Companies rely on Wi-Fi now more than ever to drive operations and ultimately business growth. Whether it is collaborating with colleagues or clients, managing customer success, or accessing any number of business applications and services on the market, companies recognize that when the Internet lags, the business lags.
Therefore, reliable, high-speed Wi-Fi is of utmost importance to companies, as it enables employee productivity. But not all companies understand the ins and outs necessary to make this a reality. Today, enterprises must consider a number of new factors if they hope to deploy reliable, high-performance Wi-Fi networks that meet spikes in traffic and mobile usage. In this slideshow, Dirk Gates, founder of Xirrus, provides five tips to optimize your enterprise Wi-Fi network.
Optimizing Your Wi-Fi Network
Click through for five tips organizations can use to optimize their enterprise Wi-Fi network, as identified by Dirk Gates, founder of Xirrus.
More Radios in the Infrastructure
In the past, Wi-Fi was all about range and minimizing access point (AP) count. However, with the explosion in mobile devices today, enterprises began adding more and more APs to their Wi-Fi infrastructure. That can be time-consuming and, more importantly, costly to upgrade. The real key is increasing the number of radios per AP, while keeping AP count at bay. Channel planning, power management, data rate optimization and the elimination of legacy clients will all be necessary to get the most out of your network, but adding radios is ultimately the only way to handle the ever increasing traffic demands in Wi-Fi today.
Design for Device Count, Not Square Footage
Calculating AP count by area no longer works. Today, it’s best to project device count – currently estimated at three per user and growing to more than five in the near future – then calculate the number of APs required from there. Likewise, the days of trying to handle many 10’s of devices per AP radio are over. To be able to adequately support voice and video applications, a properly designed network will on average see less than 10 devices per AP radio. Additionally, for even better performance in your Wi-Fi network, limit the number of associated devices per radio to guarantee performance.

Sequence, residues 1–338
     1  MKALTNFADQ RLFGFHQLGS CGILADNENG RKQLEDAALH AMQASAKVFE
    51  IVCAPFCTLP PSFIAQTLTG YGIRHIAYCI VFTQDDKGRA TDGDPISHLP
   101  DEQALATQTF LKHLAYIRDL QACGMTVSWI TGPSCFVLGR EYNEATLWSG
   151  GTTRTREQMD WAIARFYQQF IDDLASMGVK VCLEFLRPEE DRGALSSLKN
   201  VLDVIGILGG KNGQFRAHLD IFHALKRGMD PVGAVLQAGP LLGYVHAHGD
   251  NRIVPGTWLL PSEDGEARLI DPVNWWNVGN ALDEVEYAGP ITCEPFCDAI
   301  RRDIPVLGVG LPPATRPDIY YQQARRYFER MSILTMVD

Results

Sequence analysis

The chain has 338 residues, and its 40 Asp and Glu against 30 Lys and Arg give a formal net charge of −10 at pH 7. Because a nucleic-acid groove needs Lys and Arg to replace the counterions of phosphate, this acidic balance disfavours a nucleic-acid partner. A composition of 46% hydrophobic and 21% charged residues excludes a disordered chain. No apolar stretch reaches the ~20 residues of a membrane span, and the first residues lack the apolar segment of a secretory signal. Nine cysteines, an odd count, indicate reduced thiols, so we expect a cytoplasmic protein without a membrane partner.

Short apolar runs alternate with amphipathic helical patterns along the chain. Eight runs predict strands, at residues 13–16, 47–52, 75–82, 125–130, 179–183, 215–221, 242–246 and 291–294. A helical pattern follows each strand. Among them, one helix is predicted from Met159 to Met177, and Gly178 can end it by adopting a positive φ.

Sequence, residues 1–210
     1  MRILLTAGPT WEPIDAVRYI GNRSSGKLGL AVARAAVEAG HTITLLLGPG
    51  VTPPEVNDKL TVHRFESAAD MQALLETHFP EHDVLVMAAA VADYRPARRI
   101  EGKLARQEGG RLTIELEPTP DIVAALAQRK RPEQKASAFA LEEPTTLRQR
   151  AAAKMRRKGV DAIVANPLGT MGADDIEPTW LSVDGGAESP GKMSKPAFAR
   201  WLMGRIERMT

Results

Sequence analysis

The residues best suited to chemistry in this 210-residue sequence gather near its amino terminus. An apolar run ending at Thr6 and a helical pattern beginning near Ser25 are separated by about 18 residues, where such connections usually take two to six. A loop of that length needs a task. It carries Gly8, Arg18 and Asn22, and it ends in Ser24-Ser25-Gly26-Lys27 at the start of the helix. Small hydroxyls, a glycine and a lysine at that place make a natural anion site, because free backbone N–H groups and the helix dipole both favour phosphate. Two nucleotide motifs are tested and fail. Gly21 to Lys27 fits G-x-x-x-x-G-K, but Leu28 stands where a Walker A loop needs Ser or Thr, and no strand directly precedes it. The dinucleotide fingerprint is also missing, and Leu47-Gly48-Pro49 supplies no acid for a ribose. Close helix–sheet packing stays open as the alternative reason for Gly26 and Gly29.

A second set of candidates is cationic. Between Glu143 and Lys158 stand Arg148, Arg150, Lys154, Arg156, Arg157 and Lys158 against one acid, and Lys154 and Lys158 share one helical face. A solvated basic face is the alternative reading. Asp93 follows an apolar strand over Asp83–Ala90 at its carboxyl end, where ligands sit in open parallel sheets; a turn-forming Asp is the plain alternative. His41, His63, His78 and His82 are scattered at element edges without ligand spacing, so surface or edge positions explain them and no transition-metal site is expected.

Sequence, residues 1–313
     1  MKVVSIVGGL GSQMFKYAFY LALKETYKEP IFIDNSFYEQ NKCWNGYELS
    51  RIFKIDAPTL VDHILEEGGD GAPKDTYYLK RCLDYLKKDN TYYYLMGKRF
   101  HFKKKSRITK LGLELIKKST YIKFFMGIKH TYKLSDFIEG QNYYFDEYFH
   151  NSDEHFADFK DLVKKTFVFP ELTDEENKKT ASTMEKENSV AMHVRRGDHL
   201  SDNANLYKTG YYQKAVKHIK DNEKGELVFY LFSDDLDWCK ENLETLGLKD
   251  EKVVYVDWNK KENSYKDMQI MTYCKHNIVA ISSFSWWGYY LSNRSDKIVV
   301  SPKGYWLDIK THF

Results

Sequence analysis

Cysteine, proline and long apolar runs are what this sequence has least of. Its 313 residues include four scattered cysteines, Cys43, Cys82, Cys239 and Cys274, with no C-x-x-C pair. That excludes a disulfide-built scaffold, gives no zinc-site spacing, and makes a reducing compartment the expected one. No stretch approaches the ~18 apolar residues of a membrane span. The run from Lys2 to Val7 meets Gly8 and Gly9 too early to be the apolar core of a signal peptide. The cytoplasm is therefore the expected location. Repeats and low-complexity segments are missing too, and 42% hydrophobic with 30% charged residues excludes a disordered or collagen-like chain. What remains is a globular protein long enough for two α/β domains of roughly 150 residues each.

Use Software-Programmable, Dual-Band Radios
Getting to 5GHz is becoming a necessity for many companies, as more and more new devices support 802.11ac. But in the long run, it does little good to have all your 5GHz-enabled devices using 802.11ac when only half the radios in your infrastructure are capable of doing so. Today, most APs ship with one legacy 2.4GHz radio and one 5GHz radio.
To combat “stale radio syndrome” in your infrastructure, you should look for APs with radios that can operate in either band and can be software programmed to do so. This allows you to deploy APs today with one radio operating at 5GHz and the other at 2.4GHz to support legacy devices. In the not too distant future, you’ll be able to begin moving those 2.4GHz AP radios to 5GHz as more 802.11ac devices show up. Then ultimately, you’ll be able to operate a 5GHz-only network.
Use Mode Steering in Addition to Band Steering
Band steering is a good start, but you will also want to enable mode steering, or the grouping of like capable devices together on one AP radio. Grouping legacy 802.11a/g devices together on one AP radio, 802.11n devices on another, and 802.11ac on yet another radio guarantees that all stations get optimal performance. Having more radios in your network allows for better segregation of devices by capability, resulting in better performance.
Make Sure Your Network Is Application Aware
Even with all the aforementioned optimizations, Wi-Fi networks can still get congested. Mobile devices are voracious consumers and producers of network traffic these days. Therefore, a major way to ensure things run smoothly on your network is to single out the mission-critical applications, giving them priority, while throttling or blocking non-mission-critical applications that just eat bandwidth.
A great example of this comes in the form of file sync applications like DropBox, Box, iCloud and others. These applications are constantly uploading and downloading data, taking as much of the pipe as they can get. At the opening and closing ceremonies of the Sochi Olympics, the top four bandwidth hogs were file sync apps, unbeknownst to the users creating the traffic. Without the ability to recognize this traffic and throttle it, the network would have failed during the event.
Ultimately, this all comes down to good Wi-Fi network design, which is much different in the 802.11ac, 5GHz, multi-mobile-device-per-user world we live in now than it was just a few short years ago. Designing for flexibility in radio count and band usage, making sure each device gets the best possible experience, and ensuring actual performance through the use of an application-aware policy engine, is critical for the success of Wi-Fi networks today.